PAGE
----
When Nikki Mael of Washougal, Washington, made her New Year’s Eve preparations last year, the last thing she expected was an emergency trip to the vet.
But, sadly, that is exactly what happened when her four dogs suddenly took ill after eating from a can of Evanger’s wet dog food, a J.M. Smucker brand. Although the company is most widely known for Smucker’s jellies, it also produces a number of pet food products through other brands, including Ol’ Roy, Kibbles ‘N Bits, Snausages, and Gravy Train, and Skippy.
When she saw what had happened, Mael immediately brought the dogs to the vet for emergency care. Three of them recovered, but one dog, Talula, didn’t make it.
In an effort to find out what had made her dogs so sick, Mael took what was left from the can of food and sent it to a lab to have the contents analyzed. When the testing had been completed, the results confirmed her suspicion that the food had indeed been contaminated with a harmful substance.
The lab report showed that the food contained amounts of pentobarbital, a drug commonly used in the euthanization of cats, horses, and dogs. As one would expect, the addition of pentobarbital to pet foods (or any foods) is prohibited, so its presence in Evanger’s wet dog food naturally raised concerns and questions from Mael and other pet owners.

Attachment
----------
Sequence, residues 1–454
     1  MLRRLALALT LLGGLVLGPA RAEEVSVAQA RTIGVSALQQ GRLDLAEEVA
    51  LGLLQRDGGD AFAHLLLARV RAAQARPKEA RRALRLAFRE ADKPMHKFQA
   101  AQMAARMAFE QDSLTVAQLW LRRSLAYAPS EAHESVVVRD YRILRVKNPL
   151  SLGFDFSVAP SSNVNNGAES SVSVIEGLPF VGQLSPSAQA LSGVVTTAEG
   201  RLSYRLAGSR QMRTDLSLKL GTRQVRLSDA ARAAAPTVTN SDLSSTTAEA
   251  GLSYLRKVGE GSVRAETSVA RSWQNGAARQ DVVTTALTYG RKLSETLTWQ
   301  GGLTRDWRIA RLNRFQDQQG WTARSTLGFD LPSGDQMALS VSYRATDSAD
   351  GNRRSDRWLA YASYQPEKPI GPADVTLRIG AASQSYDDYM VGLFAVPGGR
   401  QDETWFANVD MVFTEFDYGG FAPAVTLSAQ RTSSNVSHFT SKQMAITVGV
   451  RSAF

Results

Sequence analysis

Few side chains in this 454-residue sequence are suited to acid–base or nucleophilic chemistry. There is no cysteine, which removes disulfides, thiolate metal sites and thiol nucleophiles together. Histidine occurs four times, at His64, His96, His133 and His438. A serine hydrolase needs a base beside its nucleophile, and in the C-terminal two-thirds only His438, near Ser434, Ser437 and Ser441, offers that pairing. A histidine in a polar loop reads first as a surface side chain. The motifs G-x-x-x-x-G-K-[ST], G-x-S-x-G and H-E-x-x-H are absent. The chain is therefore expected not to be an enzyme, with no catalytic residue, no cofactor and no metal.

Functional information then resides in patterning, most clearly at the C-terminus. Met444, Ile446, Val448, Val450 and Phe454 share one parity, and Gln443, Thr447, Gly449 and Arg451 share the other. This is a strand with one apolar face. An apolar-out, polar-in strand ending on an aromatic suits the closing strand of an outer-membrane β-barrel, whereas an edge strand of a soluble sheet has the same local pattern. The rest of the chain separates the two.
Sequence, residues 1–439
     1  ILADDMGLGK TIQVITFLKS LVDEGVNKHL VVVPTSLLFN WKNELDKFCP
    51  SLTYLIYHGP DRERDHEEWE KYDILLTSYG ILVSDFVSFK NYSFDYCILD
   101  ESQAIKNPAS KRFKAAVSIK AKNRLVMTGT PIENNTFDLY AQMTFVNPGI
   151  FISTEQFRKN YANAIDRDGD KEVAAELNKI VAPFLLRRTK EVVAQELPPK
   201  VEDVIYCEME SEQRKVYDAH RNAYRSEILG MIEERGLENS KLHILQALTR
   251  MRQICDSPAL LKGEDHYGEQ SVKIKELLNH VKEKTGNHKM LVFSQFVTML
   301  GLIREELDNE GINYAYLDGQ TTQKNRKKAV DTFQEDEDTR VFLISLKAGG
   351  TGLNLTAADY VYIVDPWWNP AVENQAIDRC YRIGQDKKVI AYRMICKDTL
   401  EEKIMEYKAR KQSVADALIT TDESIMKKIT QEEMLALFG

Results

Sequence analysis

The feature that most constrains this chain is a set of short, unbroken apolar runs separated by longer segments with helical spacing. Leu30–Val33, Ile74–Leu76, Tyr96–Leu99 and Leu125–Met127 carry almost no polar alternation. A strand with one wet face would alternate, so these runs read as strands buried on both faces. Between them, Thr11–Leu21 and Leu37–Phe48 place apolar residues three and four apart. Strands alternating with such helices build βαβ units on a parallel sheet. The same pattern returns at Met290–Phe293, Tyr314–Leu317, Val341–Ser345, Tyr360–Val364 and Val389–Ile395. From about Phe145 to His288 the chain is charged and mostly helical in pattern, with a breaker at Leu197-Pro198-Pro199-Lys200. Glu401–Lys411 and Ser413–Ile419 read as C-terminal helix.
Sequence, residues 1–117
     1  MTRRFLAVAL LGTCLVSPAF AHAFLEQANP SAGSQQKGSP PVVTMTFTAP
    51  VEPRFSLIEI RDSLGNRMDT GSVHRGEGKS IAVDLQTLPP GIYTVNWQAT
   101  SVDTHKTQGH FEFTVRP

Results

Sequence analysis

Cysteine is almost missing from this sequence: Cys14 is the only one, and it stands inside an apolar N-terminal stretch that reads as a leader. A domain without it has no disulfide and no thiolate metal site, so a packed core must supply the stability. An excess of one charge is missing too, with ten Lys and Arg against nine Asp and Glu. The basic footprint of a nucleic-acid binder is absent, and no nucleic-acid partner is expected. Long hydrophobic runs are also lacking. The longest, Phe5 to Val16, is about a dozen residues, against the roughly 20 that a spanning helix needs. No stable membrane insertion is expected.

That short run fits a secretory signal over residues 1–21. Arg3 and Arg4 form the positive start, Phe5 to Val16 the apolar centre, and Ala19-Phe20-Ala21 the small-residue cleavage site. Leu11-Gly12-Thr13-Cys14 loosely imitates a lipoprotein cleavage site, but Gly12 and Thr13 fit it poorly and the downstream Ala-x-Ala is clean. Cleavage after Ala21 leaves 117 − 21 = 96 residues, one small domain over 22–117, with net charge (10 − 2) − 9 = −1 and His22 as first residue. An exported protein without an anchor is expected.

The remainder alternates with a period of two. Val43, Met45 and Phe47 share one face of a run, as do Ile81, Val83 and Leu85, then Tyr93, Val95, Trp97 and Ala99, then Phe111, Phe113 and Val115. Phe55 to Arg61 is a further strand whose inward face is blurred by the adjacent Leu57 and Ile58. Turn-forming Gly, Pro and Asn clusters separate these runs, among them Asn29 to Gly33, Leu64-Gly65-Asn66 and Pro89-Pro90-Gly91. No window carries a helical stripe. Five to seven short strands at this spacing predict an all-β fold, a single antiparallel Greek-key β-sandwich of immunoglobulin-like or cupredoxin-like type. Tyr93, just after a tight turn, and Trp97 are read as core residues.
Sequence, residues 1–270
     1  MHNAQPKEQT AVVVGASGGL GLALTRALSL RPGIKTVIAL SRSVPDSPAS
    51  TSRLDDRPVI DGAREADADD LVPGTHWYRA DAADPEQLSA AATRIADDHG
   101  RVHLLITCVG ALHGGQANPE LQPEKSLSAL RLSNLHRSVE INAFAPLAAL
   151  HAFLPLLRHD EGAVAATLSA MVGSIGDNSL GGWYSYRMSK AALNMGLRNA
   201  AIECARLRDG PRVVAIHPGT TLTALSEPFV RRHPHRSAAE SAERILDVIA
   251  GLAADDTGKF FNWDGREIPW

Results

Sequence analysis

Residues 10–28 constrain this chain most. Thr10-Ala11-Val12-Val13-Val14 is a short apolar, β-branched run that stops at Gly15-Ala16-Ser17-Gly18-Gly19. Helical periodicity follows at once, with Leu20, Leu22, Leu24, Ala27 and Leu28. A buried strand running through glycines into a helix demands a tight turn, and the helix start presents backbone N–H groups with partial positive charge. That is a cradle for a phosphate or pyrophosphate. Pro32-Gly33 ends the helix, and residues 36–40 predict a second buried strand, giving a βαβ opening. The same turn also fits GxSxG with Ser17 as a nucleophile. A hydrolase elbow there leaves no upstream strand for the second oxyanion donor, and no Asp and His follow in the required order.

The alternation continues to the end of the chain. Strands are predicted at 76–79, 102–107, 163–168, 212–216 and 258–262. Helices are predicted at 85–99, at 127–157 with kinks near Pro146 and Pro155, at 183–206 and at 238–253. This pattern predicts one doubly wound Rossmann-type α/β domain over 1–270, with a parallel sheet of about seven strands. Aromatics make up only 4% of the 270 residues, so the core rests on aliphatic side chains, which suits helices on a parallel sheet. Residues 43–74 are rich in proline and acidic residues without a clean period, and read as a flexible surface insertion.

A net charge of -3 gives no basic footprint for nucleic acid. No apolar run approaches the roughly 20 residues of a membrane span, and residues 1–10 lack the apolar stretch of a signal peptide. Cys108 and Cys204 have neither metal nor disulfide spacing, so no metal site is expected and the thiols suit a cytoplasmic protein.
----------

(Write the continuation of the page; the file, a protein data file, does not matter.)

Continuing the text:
The news team of ABC affiliate ABC7 of Washington, D.C., did some additional digging and tested 62 samples of wet dog food from more than two dozen brands. The results were startling: 60 percent of the Gravy Train samples—a product of Big Heart Brands, another J.M Smucker company—contained pentobarbital. Afterwards, the FDA got involved, warning pet owners to stay away from brands of dog food that tested positive for the lethal drug.
In response, Smuckers spokesman Ray Hancart said, “Veterinarians and animal nutrition specialists, as well as the FDA, have confirmed that extremely low levels of pentobarbital, like the levels reported to be in select shipments, do not pose a threat to pet safety. However, the presence of this substance at any level is not acceptable to us and not up to our quality standards. We sincerely apologize for the concern this has caused.”
Still, for Nikki Mael and her dogs, the damage has already been done. “Nobody should have to go through what we went through,” Mael told reporters. “Nobody. Not fair. I mean, I would give anything to see Talula again.” Mael is moving ahead with a class action lawsuit against Evanger’s.
At this time, one of the most important questions of how a drug used in the euthanasia of animals found its way into pet food products remains unanswered. In the meantime, one of the potential explanations for the contamination—that the bodies of euthanized animals somehow made their way into the foods during their production—certainly provides no comfort for wary pet owners.